Paul Thomas Anderson has made six films now, with every one unique from its predecessor in plot and style.
Anderson has taken audiences through the world of pornography, to following Daniel Plainview trying to control his oil empire.
And now he gives us “The Master,” a tale of a man’s struggle trying to get through post World War II society and find a place where he belongs.
The man is Freddie Quell, played by Joaquin Phoenix, a riveting performance that will possibly earn him his first Oscar.
Quell is a Navy man suffering from post-traumatic stress disorder and a severe alcohol addiction.
He takes a job as a portrait photographer but gets fired for fighting a customer.
Quell then tries his hand as a farmer but after a fellow employee gets severely ill from a bad batch of moonshine he concocted. He goes on the run and stowaways upon a boat in the San Francisco harbor.
When he awakes he is confronted by Lancaster Dodd, played by Philip Seymour Hoffman in a fantastic supporting role, who is the leader of a religion movement known as “The Cause.”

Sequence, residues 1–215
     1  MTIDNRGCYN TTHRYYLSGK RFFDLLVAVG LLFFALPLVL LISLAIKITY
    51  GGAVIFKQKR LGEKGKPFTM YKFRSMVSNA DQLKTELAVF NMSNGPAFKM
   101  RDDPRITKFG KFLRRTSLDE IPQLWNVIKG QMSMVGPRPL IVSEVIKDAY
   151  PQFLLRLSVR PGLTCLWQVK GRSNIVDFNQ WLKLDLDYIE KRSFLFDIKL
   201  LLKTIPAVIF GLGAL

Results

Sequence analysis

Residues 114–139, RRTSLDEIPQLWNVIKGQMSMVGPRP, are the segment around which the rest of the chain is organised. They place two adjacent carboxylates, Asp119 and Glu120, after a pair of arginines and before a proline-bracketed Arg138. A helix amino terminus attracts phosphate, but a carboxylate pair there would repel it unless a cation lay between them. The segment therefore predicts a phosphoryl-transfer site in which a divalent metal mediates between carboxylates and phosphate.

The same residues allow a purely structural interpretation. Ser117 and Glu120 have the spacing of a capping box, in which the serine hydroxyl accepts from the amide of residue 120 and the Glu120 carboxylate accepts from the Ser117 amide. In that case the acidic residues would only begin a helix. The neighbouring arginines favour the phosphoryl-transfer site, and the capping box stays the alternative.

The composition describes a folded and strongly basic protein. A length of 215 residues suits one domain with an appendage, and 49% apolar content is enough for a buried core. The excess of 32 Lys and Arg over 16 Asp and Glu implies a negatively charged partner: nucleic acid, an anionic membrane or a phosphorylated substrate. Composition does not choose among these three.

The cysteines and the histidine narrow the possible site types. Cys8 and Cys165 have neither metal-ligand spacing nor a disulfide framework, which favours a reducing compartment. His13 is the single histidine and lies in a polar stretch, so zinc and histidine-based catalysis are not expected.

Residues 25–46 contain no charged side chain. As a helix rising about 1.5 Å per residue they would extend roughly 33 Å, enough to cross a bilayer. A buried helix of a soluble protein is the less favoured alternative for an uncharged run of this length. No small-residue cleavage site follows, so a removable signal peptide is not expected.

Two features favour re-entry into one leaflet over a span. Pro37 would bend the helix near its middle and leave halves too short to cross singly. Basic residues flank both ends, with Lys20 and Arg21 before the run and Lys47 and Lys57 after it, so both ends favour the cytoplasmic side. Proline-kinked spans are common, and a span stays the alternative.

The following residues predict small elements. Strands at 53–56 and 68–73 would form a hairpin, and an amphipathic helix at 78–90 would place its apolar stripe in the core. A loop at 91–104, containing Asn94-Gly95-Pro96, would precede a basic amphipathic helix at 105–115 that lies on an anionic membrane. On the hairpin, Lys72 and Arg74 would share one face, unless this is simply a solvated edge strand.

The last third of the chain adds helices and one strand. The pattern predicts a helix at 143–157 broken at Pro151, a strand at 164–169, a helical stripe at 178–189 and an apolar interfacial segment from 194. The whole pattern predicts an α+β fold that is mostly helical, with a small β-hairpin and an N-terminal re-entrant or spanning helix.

Self-described as a “writer, a doctor, a nuclear physicist and a theoretical philosopher,” Dodd is a strikingly effective character who preys upon the weak and vulnerable.
Dodd takes a liking to Quell, and his powerful moonshine, and asks him to join them to New York.
His wife Peggy, played by Amy Adams, doesn’t trust Quell and thinks he will damage the movement not help it.
He struggles throughout the film with the knowledge that the whole thing is a sham, but he is welcome and a part of “The Cause” so he sets aside his trepidations but becomes extremely violent at anyone who questions the movement.
Anderson is a fantastic director who can draw amazing performances out of his actors.
The caliber of acting in the film is fascinating to watch, and is far above any release this year, and the brillant script gives the actors amazing material.
Anderson’s brilliant direction is highly likely to gain him a best Director Oscar nomination once again.
The only gripes audiences may have with the film is that there’s much more ambiguity and underlying elements than in his previous films.
This film is not straightforward in the slightest and audiences will be pondering about “The Master” for days trying to pick the film apart.
The film has already drawn comparisons to Scientology, but that aspect mostly is put on the back burner in favor of letting the actors shine.
Overall “The Master” is an amazing character study.
With fantastic performances, perfect direction, a wonderful script and the terrific cinematography, “The Master” is the film to see in anticipation of awards season.